As you may have heard (and will hear about 1,435,891 more times during the season) LeBron James has a choice to make next summer. He is expected to opt out of his contract and he can either re-sign with the Miami Heat or he can take his talents somewhere else.
When NBA 2K14 hits the shelves next month, gamers will get to use a mode that lets them peek into the future of a couple different potential outcomes from LeBron’s pending decision.
Eric Freeman at Ball Don’t Lie got to test it out and has all the details (you should read his entire post).
As announced on Friday, “NBA 2K14” will include “LeBron: Path to Greatness,” a new game mode in which users get to play out the future of LeBron James all the way up until his retirement. In the first, less controversial path, James stays with the Heat, creating a dynasty to match any in league history. In the other, James bolts for the New York Knicks this summer in free agency, teams with various stars along the way, and finds himself in an eerily familiar yet absolutely fantastical iteration of the NBA. It’s basketball science fiction….
Essentially, 2K Sports has chartered two separate courses for LeBron’s career and allowed users to peek in at various points along the way, playing in various big games or facing off against newfound rivals. LeBron gets new teammates, loses athletic abilities as he gets older, and gains new skills. The gamer only has so much control and must play to a script, taking specific scenarios and getting rated on a five-star system based on their performance.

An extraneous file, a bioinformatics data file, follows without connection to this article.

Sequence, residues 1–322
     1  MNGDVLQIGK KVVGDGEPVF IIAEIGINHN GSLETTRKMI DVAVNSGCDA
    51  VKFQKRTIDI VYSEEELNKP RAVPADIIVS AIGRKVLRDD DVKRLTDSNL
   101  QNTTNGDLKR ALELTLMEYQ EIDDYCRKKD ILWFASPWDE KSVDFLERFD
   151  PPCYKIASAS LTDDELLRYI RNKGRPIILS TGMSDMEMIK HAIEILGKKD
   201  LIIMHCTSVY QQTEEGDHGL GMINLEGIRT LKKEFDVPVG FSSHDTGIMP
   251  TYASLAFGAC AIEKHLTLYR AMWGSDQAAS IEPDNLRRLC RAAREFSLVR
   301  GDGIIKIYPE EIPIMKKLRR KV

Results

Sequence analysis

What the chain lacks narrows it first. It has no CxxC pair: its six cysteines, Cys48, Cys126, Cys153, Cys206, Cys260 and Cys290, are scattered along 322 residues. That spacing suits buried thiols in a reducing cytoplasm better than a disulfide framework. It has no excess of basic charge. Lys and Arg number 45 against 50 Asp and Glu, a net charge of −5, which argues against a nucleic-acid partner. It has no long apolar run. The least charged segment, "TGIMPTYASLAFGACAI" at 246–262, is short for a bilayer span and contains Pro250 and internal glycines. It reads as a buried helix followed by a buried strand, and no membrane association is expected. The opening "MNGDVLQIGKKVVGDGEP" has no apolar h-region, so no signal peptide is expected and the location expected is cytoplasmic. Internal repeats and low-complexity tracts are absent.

No, this does not allow you to send LeBron to the Cavaliers or the Lakers or the Bobcats or whoever. Mark Cuban would have paid extra for a Mavericks option there. However you do get to play out a couple of scenarios.
Which sounds like a fun little diversion. Clever idea by the folks at 2K Sports.
Just for the record, the Knicks most likely do not have the money to chase LeBron next summer, not without a lot of help. They would need Amare Stoudemire to decide he wants to surrender the $23.4 million last year of his contract and Andrea Bargnani to decide to opt out of the $11.5 million in the last year of his deal. Good luck with that. Yes you can create a scenario where the Knicks free up the cap space, but let’s just call those highly unlikely.